Fans flock to Fenway in full force

As game time neared, fans and police officers filled every street and souvenir shop within shouting distance of Fenway Park.

The lucky ticket-holders in the crowd shrugged off parking prices that soared past $40 at the most convenient lots. Instead, they focused on their good fortune, hoping they would witness an ALCS-clinching victory.

All around, the pungent smell of grilled sausage mixed with an air of anticipation.


The sights and sounds around Fenway Saturday night revealed a united Red Sox Nation, a group of beard believers.

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On Brookline Avenue, petty officers Kenton Spaulding of Liberty, Maine, and Adam Clark of Salisbury stood out in their Navy uniforms. The pair was on leave from the USS Toledo, a submarine based in Groton, Conn. They purchased two seats near the Pesky Pole for $200. They were the same tickets they purchased for $150 for Game 1 of the ALCS.

“Since we lost Game 1, we’re switching seats this time,” said Clark. “Hopefully, that way we’ll win this game. It’s all about the energy here. The more fans we can get in the park, the better the game is going to be.”

Inside a souvenir store on Yawkey Way, one of the youngest fans to attend Game 6 waited for her parents in a stroller.

When asked why she brought her 11-week-old daughter Harley Madison Caccamo to the game, Stephanie Caccamo of Wingdale, N.Y., said, “I want to raise her right.”


And she was eying a couple of Red Sox onesies at the store.

On Lansdowne Street, Michael and Samantha Gonzalez of South Windsor, Conn., made their way toward Gate B. Only a few days earlier, Samantha had surprised her husband with tickets. He was completely shocked by his early Christmas gift.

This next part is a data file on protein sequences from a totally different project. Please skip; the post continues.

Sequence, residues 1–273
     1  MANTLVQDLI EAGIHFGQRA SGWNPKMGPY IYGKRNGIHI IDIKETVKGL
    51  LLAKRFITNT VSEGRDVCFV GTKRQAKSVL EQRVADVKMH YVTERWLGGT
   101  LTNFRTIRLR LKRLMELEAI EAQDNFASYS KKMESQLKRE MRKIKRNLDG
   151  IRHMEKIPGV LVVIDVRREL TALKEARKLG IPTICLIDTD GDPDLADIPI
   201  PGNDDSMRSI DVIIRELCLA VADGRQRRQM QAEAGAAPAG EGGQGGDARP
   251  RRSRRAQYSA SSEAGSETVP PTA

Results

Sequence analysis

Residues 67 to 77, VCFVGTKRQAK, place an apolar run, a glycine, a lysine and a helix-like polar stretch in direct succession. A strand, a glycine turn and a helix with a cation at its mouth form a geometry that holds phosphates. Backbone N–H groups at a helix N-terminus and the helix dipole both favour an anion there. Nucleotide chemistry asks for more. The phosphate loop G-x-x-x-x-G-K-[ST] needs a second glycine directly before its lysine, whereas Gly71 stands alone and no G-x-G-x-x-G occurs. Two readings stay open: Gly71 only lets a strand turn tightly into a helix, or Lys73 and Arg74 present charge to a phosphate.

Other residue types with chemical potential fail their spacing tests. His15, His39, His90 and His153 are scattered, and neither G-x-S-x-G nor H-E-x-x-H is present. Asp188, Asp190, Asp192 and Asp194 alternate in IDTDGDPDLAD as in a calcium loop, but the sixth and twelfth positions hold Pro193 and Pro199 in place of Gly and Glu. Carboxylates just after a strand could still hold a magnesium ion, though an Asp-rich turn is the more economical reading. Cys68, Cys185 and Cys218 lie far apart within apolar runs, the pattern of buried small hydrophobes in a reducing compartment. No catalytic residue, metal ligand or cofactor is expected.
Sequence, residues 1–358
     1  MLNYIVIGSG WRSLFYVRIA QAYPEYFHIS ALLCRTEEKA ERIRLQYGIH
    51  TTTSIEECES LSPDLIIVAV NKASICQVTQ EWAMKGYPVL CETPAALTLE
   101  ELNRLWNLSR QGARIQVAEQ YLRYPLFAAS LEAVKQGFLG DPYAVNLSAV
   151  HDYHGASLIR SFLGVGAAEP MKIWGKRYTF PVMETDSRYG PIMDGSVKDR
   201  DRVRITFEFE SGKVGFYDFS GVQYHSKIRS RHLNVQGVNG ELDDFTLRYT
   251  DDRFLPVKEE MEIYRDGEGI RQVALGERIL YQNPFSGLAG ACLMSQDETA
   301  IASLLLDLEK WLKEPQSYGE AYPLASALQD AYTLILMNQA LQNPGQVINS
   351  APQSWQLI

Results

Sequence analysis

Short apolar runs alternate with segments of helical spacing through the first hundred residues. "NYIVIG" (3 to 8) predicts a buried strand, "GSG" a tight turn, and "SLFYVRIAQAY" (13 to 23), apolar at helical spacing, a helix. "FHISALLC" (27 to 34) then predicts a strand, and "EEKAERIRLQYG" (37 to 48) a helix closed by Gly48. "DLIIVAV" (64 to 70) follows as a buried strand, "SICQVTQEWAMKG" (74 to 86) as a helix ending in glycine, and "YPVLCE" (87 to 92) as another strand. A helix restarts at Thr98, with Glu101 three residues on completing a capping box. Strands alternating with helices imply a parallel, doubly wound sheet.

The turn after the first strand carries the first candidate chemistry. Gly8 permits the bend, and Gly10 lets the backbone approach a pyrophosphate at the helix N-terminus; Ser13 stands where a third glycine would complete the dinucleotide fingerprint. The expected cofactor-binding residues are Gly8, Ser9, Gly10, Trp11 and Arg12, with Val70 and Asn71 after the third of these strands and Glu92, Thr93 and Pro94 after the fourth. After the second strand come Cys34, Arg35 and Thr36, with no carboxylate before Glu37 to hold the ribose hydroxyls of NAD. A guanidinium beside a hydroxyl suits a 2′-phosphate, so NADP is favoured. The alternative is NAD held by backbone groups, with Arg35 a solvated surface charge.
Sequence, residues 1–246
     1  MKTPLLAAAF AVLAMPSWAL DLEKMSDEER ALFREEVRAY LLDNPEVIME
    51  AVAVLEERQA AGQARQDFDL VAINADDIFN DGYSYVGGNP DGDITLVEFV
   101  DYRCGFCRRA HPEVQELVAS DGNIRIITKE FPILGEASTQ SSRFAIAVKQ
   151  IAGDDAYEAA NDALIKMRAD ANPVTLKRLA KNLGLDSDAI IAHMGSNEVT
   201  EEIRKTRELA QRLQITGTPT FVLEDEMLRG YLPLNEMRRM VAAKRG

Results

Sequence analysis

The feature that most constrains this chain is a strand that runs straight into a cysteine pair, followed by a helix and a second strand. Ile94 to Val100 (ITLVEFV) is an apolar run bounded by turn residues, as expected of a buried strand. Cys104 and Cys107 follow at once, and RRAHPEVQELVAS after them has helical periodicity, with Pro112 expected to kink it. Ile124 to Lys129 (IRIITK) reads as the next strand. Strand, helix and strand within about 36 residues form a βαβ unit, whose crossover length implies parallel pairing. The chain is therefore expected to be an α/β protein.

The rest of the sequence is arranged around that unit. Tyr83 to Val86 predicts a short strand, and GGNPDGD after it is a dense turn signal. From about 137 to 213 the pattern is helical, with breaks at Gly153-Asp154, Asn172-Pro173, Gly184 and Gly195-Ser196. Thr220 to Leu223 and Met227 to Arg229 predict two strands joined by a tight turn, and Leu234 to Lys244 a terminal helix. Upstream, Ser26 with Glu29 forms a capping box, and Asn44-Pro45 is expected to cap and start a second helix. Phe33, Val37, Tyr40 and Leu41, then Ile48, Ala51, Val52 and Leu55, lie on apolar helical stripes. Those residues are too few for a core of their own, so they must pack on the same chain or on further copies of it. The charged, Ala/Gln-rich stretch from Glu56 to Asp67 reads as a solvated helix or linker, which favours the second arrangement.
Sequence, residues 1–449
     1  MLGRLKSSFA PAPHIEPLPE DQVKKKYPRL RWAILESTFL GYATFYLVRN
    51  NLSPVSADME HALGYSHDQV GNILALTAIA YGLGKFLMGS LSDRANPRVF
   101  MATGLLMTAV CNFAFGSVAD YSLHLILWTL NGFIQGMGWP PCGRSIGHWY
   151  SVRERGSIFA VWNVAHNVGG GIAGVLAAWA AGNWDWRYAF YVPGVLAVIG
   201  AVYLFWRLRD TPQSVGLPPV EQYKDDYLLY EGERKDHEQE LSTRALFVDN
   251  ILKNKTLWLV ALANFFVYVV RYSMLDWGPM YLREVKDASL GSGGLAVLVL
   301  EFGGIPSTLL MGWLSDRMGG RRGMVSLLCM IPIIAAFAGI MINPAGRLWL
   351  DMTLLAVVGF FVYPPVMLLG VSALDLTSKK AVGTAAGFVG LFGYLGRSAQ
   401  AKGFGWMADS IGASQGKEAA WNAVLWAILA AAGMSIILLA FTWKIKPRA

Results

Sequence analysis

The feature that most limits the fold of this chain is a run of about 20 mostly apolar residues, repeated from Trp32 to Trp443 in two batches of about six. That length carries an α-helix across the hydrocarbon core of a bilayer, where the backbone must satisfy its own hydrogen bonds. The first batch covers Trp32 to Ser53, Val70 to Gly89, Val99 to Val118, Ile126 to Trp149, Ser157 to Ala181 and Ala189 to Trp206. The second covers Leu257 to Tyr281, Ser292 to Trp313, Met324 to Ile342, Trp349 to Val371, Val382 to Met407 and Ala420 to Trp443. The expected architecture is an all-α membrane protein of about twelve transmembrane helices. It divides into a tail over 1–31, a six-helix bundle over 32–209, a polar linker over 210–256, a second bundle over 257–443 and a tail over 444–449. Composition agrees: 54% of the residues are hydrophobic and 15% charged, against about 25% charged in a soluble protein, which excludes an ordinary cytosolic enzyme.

“This is our date night,” said Michael. “It’s the first time in a year we’ve gotten to go out.”

Added Samantha: “We’ve never been to a playoff game. We haven’t been able to afford a baseball game in years, not with three kids at home.”

About 50 feet away, a long line of fans waited patiently in the hopes a late release of tickets would get them inside. Susan Primeau of Laconia, N.H., had waited for two hours and still had about 30 people in front of her.


“I couldn’t get any tickets through the regular way,” said Primeau. “So, I thought I’d give this a try. If I get tickets, I’ll start to cry.”

‘It’s all about the energy here. The more fans we can get in the park, the better the game is going to be.’

Meanwhile, along Van Ness Street, pedicabs were doing a brisk business, dropping off fans who didn’t want to walk tfrom their parking spaces along Newbury and Boylston streets.

“Some people get tired, some people just want to have fun [and hire us],” said Jonathan Lopatin, a pedicab driver. “It’s more fun than walking. You get the wind in your hair. Business has been really good. I’m just hustling.”

And scalpers weren’t complaining either. Bleacher seats that went for $90 for Games 1 and 2 were selling for $200.

In fact, the only fans who might had a tough time Saturday night were those from Detroit. Figuring there was safety in number, about 30 were gathered along Van Ness around 6:15 p.m.

“We definitely feel like we’re in the minority,” said Eric Young of Novi, Mich., who was actually in town celebrating his first wedding anniversary and the playoff schedule broke in his favor. “We haven’t been treated well. People have been yelling, ‘Go home’ and ‘You’re not welcome.’ ”

But the streets were filled with plenty of cops to make sure it was a safe game night. They even placed flyers on cars in parking lots, informing drivers about postgame traffic logistics.

The advisory let fans know that “all vehicular traffic exiting parking lots and garages will be delayed from exiting from the seveth inning on.”

It also warned that other traffic issues and “an overflow of pedestrian foot traffic” could cause other delays to ensure public safety.

Clearly, they wanted a good night for fans.

Shira Springer can be reached at